Nate Marquardt and his manager Lex McMahon appeared today on MMAFighting.com’s The MMA Hour to discuss for the first time the fighter’s eleventh hour removal from last weekend’s UFC on Versus 4 main event and subsequent firing from the UFC.
The situation which Marquardt and McMahon described seemed to paint a different picture than the one UFC president Dana White described as making him feel “disgusted.”
According to Marquardt, who apparently told host Ariel Helwani to ask questions freely without any filter, he lost his job — permanently, according to White — as a result of an unfortunate situation stemming from his usage of synthetic testosterone for hormone replacement therapy (HRT).
“I was not medically cleared because of a situation I’ve been dealing with since August,” said Marquardt. “Last year, I was feeling sluggish and my memory had gone out the window. I was irritable; I knew something was wrong. Felt like I was over-training when that wasn’t the case.”
Keeping an open dialogue with the UFC throughout, Marquardt underwent HRT during his last three bouts, against Rousimar Palhares, Yushin Okami and Dan Miller. Prior to facing Dan Miller, Marquardt was granted by the New Jersey State Athletic Commission a temporary approval for HRT, pending that, for eight weeks following the event, he cease the treatment and be regularly tested in order to prove that his regular testosterone levels were low enough to warrant HRT.
As a result of that eight week period without treatment, Marquardt’s levels fell low again, prompting his doctor to give him a double-dosage prior to his previously agreed upon bout with Rick Story. When his levels spiked as a result, Marquardt ceased therapy and monitored his testosterone levels everyday, expecting them to drop within the allowable limit as set by the Pennsylvania State Athletic Commission.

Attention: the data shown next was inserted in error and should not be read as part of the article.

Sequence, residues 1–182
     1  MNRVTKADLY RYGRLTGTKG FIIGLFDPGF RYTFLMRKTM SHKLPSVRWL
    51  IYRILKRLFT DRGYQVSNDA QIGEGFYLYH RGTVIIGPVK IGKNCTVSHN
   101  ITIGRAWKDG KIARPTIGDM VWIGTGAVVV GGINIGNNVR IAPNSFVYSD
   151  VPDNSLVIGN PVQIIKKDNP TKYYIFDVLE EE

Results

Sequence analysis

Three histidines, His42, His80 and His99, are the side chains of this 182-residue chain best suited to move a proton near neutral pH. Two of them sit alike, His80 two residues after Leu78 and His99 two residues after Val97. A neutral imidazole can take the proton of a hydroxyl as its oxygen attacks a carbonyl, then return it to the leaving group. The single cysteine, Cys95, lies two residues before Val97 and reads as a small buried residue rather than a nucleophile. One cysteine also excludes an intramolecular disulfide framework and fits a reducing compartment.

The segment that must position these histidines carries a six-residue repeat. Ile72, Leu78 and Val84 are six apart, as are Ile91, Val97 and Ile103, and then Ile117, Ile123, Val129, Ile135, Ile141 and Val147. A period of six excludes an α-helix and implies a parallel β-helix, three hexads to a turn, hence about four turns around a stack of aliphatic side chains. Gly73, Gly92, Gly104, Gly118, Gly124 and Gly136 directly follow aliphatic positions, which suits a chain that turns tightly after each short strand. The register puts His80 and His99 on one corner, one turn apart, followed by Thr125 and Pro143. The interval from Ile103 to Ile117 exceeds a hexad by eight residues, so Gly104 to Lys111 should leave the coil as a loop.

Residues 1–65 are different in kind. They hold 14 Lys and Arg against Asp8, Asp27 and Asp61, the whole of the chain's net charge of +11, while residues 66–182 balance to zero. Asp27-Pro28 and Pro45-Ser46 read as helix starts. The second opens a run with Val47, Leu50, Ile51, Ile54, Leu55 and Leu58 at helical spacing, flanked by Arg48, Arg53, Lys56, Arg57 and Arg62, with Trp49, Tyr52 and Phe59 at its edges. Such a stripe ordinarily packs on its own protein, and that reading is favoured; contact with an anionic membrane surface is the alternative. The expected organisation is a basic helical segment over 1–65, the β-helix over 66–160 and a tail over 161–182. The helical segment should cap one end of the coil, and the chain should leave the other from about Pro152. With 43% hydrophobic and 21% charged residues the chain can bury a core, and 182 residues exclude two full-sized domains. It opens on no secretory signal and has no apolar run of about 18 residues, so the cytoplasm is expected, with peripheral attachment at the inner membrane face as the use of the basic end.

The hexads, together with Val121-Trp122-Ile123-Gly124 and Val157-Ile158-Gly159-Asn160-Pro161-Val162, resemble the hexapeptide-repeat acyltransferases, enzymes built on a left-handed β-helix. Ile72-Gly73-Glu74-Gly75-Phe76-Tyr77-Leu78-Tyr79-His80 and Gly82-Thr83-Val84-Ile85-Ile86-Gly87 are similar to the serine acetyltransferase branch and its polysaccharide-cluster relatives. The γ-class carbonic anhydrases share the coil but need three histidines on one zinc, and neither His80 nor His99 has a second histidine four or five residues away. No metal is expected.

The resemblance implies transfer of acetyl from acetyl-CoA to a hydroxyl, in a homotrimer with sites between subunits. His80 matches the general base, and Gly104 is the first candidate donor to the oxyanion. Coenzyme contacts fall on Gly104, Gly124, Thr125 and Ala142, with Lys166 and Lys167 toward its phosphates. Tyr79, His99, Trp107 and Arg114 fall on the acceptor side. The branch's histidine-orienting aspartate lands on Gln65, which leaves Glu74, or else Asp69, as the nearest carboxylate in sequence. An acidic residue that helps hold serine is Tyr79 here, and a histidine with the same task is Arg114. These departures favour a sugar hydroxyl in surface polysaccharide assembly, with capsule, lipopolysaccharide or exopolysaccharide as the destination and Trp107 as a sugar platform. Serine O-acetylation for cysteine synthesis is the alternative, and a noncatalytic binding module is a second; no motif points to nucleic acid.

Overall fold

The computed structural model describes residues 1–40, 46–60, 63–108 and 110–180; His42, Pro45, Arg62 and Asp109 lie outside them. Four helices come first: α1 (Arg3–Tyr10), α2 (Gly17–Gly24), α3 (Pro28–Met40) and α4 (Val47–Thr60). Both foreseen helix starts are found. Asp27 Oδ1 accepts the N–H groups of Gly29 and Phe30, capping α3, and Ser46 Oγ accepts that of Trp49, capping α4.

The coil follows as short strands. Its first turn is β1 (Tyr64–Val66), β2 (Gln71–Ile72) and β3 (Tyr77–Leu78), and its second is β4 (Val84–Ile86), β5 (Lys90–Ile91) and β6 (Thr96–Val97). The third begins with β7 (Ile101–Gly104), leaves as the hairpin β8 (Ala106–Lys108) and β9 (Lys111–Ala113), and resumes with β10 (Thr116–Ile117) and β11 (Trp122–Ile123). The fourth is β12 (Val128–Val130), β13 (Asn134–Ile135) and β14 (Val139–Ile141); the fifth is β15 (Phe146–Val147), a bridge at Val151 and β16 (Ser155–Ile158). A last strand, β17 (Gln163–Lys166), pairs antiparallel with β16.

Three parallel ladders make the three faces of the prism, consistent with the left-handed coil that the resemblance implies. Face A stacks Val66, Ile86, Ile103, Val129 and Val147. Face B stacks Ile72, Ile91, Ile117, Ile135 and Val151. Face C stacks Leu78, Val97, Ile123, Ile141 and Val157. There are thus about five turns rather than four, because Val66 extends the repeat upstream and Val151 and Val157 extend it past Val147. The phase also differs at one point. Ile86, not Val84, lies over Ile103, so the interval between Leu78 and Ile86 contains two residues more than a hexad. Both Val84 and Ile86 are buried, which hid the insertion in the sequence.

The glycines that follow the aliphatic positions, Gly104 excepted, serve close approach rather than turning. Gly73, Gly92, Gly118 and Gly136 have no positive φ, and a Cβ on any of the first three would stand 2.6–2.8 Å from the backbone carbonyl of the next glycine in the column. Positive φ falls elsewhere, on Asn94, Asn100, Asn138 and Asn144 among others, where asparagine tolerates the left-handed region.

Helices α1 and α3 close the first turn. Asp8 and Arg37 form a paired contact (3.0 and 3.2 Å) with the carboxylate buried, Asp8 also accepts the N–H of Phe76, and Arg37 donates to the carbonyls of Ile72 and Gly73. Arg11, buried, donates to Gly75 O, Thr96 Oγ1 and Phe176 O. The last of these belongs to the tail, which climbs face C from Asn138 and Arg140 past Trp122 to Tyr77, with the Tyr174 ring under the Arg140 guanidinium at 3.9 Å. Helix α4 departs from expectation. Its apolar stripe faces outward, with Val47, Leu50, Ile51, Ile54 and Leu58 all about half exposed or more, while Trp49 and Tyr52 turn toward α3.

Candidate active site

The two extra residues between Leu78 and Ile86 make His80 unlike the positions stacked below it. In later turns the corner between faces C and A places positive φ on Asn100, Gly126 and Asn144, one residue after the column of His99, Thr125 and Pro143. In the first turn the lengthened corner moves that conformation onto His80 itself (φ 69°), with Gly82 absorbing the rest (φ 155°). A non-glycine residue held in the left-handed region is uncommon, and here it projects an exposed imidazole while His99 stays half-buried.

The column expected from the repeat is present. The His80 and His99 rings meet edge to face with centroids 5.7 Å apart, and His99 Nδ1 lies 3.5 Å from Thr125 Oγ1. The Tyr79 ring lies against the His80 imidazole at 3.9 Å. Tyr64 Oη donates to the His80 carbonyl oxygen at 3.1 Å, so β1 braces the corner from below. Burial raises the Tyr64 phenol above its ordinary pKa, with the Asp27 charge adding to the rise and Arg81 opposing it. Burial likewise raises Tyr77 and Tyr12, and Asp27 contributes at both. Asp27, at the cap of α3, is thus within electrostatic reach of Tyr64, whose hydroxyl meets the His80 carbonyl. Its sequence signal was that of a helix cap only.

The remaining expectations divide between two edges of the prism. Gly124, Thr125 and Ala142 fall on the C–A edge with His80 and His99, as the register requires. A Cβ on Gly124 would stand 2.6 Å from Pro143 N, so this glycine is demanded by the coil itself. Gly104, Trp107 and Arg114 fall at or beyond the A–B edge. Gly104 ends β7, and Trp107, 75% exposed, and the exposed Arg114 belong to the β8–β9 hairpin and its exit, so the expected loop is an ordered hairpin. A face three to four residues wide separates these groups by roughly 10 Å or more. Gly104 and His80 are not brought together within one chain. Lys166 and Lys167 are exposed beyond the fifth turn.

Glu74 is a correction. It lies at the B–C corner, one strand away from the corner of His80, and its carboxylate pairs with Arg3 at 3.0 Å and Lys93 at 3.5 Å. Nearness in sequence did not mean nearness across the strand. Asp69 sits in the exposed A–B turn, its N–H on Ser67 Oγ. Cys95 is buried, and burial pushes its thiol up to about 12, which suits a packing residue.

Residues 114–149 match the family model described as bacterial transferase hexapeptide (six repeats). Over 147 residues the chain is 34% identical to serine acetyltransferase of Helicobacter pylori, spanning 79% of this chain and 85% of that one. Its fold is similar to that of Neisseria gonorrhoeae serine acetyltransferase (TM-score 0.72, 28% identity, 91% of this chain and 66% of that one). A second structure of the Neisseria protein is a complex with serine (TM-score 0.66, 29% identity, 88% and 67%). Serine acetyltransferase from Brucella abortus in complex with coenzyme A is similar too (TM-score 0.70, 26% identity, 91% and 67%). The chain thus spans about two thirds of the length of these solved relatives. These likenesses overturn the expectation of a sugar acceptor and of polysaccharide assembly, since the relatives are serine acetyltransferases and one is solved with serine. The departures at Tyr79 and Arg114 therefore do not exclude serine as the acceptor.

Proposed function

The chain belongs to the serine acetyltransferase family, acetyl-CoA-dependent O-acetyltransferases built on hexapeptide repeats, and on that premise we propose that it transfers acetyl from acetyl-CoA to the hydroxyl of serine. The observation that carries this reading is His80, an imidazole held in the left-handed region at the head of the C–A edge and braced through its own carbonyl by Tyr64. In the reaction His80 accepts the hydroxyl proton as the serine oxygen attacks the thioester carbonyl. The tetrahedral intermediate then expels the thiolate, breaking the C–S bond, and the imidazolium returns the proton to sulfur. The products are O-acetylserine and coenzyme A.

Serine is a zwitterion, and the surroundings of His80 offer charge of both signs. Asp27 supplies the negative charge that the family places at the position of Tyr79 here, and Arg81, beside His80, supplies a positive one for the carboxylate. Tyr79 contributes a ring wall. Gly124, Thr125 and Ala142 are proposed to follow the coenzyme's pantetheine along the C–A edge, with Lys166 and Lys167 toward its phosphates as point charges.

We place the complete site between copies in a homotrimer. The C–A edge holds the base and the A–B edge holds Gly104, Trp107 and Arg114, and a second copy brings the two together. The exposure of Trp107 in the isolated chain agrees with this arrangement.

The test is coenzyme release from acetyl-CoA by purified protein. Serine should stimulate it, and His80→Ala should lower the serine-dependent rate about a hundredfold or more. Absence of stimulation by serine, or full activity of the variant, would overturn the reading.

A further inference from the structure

“The week of the fight I requested several tests,” Marquardt said. “Each test showed that the levels were going down. I took a test on weigh-in day, and it was still above the range the athletic commission was going to let me fight.”
Marquardt revealed that his testosterone levels had fallen within range by fight day.
It was also revealed that Marqaurdt and his representation had met with PSAC head Gregory Sirb and that Marquardt was informed he had “essentially met the requirements for my suspension to be lifted,” with the PSAC to meet later this week to officially discuss “The Great’s” future.
Though his future in regards to the UFC is up in the air at best, Marquardt is still planning to return and make his welterweight debut when this situation is resolved, in the promotion or out.
At the end of the day, an open, honest and remorseful Marquardt owned up to his share of the guilt in not more closely monitoring his treatment and issued a simple apology to those he let down or inconvenienced.
“I want to apologize to the fans. I feel like I let them down,” said Marquardt. “I feel like I let my family down, and I obviously upset the UFC and my sponsors. I just hope everyone can forgive me. I’m trying my best.”
It seems that the main difference between Marquardt’s situation and Chael Sonnen’s recent tangle with the California State Athletic Commission is that Sonnen tested positive post-fight, yet he garnered the sympathy and support of Dana White and looks to be keeping his job in the promotion once he’s cleared to return to the cage. As such, it appears as though the issue lies in costing the UFC a main event (and a dime) as opposed to the moral correctness of HRT.